With all this back ground, the correlation between our immune systems ability to fight off infectious agents and dietary food allergens becomes quite clear.


The immune components and the antibodies produced by them against bacteria, viruses, infections etc. are the exact same immune system components and antibodies that can produced against foods. (IgG and IgA). These are also responsible for identifying and eliminating other atypical and unwanted "invaders" or products in the body such as cancer cells.


When allergic dietary proteins (Food Allergens) are presented to the T Cells in the blood stream, the immune response will be the same as for infectious agents. IgG and IgA antibodies can be produced in the same manner as the vaccine reactions discussed earlier.


There is a critical difference in this scenario from a food allergen perspective as compared to a vaccine or infectious condition perspective.


When you get a vaccine, you typically get it once (some may require a booster) so your immune response ( T Cell B Cell Antibody Production response ) only has to happen and "react" that once to the vaccine. The immune system does it's job, the antibodies are produced and then the immune system can prepare to fight and react against the next "invader".

When your immune reacts against a flu virus or infection, it will react to it until the infection is cleared and then it settles down and prepares to fight and react against the next "invader".


In both of these examples there is an individual agent for the immune system to react against, and once the agent is cleared the immune system can ready itself for the next issue. It has time to recover and replenish itself.

Imagine you have some of the hidden delayed onset food allergies and imagine its something you eat on a regular or daily basis. Each time you eat that food, regardless of the dose (remember the dose of the tetanus vaccine for ten years of immunity... 1/2 ml), you can produce a T Cell B Cell Antibody production response to that food. The immune system is fighting a new "invader" each time the food is eaten. The immune system never gets a chance to rest and recover.



This can put a tremendous and persistent strain / drain on your immune system resources and can have a significant Immune Suppression effect. In simple terms, if your immune system is busy fighting one chronic and persistent immune agent (food) there will be less immune resources to go and fight other things the immune system is meant to fight (infectious agents).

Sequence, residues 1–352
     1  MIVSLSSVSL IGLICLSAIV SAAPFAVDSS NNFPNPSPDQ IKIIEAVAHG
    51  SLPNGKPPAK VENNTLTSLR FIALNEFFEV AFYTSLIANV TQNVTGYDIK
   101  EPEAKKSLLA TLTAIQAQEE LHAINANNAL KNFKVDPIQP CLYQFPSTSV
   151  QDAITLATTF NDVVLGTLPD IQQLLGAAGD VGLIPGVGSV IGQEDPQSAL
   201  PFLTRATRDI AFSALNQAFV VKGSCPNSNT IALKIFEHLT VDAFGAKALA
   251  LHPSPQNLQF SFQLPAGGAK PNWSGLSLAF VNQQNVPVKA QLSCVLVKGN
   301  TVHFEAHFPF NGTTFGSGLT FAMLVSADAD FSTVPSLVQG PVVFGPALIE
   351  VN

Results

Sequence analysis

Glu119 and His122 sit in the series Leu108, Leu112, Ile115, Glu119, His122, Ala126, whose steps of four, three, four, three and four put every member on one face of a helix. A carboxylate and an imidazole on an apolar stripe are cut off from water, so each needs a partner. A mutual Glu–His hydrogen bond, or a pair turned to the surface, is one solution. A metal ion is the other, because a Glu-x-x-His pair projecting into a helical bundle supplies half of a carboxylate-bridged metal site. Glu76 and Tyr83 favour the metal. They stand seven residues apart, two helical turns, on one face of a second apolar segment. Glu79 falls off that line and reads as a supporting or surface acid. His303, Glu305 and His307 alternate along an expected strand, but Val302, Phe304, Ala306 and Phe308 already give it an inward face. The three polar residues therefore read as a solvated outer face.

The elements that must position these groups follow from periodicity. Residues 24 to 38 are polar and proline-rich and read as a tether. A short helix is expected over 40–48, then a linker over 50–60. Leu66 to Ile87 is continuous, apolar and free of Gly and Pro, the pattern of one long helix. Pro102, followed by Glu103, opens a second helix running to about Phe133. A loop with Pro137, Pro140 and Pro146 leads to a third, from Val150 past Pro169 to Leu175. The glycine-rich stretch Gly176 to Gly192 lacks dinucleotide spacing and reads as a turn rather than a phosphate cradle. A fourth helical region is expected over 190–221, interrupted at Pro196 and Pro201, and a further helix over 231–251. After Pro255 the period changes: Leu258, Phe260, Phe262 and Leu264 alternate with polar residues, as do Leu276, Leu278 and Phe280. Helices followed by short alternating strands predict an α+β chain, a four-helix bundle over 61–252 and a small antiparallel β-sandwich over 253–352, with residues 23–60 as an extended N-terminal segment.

This is only one significant impact of these food allergens on your bodies ability to fight infectious agents. There is another aspect that it just as important and impactful.


In many cases, the antibodies (IgG and IgA) can go back into the body and actually cause inflammatory issues in various parts of the body (as per the Celiac and Diabetes examples mentioned earlier).


One good example involves IgA antibodies which are antibodies that are secreted into the mucous membranes of the body. The mucous membranes are tissues in the body with a slimy mucous film on it. Your digestive tract from the mouth to the rectum and your respiratory system from the back of the throat down into the lung. These antibodies get secreted into the mucous membrane of the digestive tract starting at the tonsils. The tonsils are considered lymphoid tissue, which is where antibodies go to mature before being secreted in the tissues they are designed to protect. (Celiac is an IgA antibody affecting the mucous membrane of the colon).


Imagine you eat a food and produce IgA antibodies to "attack" that food. These antibodies then get secreted on the surface of the tonsil. The next time you eat that food, you have an antibody on the surface of the tonsil designed to attack that specific food. When the food hits the surface of the tonsil, you can get an inflammatory response on the surface of the tonsil. This is a common food cause for tonsillitis.


This same process could take place in the back of the throat. This chronic inflammatory reaction in the mucous membrane in the back of the throat will lead to a weakening of the mucous membrane in that area. This can lead to a susceptible area for colds and infections to take root. This is what many colds and flus start as a tickle in the back of the throat, leading to a sore throat.